Earth Observation/Remote Sensing Satellites
In 2008, there were ## remote sensing satellites launched on behalf of ## countries. Of particular note, in August, the German RapidEye constellation of ## remote sensing satellites was launched. The ## RapidEye satellites travel along the same orbital plane and feature identical sensors, allowing large amounts of imagery to be collected, up to ## million square kilometers (## million square miles) per day. ## satellites in the same orbital plane allow for a higher number of multiple imaging passes over the same spot and quick revisit times. With these capabilities, the RapidEye constellation is capable of imaging any point on Earth every day.
AGI designates remote sensing satellites as surveillance/military satellites. Exhibit 3p (below) provides the number of these satellites by country. AGI reports ## active U.S. surveillance/military satellites that it designates as having “unavailable” orbital parameters. In addition, the line between some remote sensing and Earth science satellite classifications is not always clear-cut.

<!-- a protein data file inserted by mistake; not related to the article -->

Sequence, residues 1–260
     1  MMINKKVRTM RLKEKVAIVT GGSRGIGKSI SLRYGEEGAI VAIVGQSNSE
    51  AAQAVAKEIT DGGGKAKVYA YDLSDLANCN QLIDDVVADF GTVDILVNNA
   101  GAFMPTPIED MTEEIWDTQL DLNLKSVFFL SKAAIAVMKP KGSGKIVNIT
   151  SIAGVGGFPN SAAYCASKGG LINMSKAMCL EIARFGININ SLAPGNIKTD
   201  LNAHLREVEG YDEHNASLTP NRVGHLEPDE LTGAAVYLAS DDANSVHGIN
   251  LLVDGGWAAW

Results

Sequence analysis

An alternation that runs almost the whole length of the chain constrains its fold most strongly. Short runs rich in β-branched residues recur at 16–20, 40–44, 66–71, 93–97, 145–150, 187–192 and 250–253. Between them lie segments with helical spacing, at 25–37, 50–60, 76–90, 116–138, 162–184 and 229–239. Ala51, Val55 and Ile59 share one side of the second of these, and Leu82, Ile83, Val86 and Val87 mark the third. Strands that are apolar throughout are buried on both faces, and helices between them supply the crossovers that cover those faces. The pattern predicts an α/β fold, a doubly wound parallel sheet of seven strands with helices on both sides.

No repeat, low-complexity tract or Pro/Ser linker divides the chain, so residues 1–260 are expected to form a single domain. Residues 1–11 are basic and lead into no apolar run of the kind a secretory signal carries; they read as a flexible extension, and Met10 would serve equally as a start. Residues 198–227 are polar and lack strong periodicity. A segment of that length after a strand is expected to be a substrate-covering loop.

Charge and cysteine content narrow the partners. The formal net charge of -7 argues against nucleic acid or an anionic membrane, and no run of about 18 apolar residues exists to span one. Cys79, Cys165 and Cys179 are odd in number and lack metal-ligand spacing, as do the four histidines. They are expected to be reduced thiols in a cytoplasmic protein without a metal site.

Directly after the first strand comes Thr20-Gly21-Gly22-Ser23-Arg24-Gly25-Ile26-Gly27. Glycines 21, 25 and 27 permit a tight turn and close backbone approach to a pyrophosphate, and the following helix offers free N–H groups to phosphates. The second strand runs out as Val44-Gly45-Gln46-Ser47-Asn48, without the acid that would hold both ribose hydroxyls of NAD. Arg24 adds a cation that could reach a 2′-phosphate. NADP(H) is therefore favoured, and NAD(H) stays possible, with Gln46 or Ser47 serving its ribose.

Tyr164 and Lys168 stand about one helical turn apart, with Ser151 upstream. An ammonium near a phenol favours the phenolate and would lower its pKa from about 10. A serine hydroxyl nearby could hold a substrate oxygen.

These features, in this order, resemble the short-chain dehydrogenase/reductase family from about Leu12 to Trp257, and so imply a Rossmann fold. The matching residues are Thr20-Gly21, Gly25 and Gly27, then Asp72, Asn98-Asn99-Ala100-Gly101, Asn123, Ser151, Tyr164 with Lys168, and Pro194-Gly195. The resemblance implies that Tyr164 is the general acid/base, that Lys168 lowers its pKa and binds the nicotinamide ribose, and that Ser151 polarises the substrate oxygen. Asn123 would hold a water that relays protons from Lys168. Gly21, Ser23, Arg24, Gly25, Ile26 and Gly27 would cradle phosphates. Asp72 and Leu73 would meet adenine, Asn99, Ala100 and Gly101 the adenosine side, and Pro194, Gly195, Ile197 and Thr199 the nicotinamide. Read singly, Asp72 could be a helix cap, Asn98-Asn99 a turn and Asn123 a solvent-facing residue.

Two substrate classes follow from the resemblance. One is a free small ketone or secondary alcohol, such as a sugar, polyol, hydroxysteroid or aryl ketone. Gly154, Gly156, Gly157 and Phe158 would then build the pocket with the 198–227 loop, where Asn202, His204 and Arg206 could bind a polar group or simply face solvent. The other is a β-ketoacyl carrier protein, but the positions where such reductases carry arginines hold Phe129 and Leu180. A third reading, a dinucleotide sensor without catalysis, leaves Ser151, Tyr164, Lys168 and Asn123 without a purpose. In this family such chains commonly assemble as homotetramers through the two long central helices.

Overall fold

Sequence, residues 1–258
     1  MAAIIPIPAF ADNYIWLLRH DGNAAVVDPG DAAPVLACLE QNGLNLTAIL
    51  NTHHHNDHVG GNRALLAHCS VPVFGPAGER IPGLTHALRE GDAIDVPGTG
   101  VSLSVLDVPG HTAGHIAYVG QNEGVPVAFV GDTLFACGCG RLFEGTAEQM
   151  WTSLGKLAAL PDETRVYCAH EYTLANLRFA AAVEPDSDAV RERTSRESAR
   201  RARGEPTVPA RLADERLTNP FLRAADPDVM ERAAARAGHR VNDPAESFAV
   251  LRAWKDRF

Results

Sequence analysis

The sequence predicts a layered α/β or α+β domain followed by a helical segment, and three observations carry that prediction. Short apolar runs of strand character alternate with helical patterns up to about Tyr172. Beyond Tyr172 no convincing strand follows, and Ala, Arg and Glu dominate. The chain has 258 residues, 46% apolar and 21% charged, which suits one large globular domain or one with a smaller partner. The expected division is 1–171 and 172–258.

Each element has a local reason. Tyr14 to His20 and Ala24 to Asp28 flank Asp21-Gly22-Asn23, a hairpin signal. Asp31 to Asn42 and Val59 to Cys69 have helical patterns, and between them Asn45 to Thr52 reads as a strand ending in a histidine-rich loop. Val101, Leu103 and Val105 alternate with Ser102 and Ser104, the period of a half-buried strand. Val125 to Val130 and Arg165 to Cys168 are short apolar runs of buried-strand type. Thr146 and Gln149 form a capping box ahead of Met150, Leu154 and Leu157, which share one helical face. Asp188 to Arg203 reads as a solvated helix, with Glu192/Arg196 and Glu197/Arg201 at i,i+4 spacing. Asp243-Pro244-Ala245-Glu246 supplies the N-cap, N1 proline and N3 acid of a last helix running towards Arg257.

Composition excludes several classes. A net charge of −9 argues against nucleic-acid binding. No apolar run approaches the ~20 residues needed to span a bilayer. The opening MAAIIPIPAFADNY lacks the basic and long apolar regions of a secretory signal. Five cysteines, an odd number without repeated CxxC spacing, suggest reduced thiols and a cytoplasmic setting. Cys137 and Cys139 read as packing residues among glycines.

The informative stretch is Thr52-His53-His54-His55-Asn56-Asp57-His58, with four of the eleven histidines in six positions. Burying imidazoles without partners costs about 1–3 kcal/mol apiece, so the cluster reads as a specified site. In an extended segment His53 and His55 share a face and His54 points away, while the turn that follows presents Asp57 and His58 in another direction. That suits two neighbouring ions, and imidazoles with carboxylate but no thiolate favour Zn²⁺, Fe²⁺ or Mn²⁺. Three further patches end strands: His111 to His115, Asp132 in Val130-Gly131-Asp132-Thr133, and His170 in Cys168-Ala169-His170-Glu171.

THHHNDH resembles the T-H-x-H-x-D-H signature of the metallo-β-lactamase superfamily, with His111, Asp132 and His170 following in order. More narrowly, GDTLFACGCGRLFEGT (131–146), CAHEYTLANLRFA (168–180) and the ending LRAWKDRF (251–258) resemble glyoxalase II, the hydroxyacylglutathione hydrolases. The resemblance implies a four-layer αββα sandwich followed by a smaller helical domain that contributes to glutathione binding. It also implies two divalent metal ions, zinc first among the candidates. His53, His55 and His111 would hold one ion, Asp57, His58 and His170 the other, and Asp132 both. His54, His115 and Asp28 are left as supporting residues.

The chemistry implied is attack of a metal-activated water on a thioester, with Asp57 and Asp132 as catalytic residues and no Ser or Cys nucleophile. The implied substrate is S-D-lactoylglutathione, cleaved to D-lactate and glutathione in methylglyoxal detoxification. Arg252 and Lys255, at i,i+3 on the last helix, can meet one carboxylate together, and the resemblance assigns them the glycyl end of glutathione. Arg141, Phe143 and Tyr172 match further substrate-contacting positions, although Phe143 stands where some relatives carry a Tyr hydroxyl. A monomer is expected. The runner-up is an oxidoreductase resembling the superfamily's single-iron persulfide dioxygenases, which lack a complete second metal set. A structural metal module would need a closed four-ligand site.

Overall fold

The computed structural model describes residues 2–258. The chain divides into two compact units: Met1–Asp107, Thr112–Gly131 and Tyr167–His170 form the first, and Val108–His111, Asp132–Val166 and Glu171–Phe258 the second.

Remote sensing satellites provide images of the Earth for civil, scientific, military, and intelligence applications using a number of different technologies.
From Sidebar — “Satellite imagery sales were helped along by increasing tensions in Afghanistan and then Iraq. In time, foreign purchases and major contracts for data (ClearView and NextView) from the U.S. National Geospatial-Intelligence Agency (NGA) brought growth and a measure of stability to the data market. The acquisition of Space Imaging by ORBIMAGE [now known as GeoEye] has also further stabilized the industry.”
The DoD and national security agencies could also use a variety of Earth observation satellites, like Space Based Infrared System (SBIRS) under development, Fast On-orbit Recording of Transient Events (FORTÉ), and the Multispectral Thermal Imager (MTI) that provide intelligence through a variety of sensors, including multi-spectral imagery, thermal images and event classification, radio burst detectors, and radar imaging.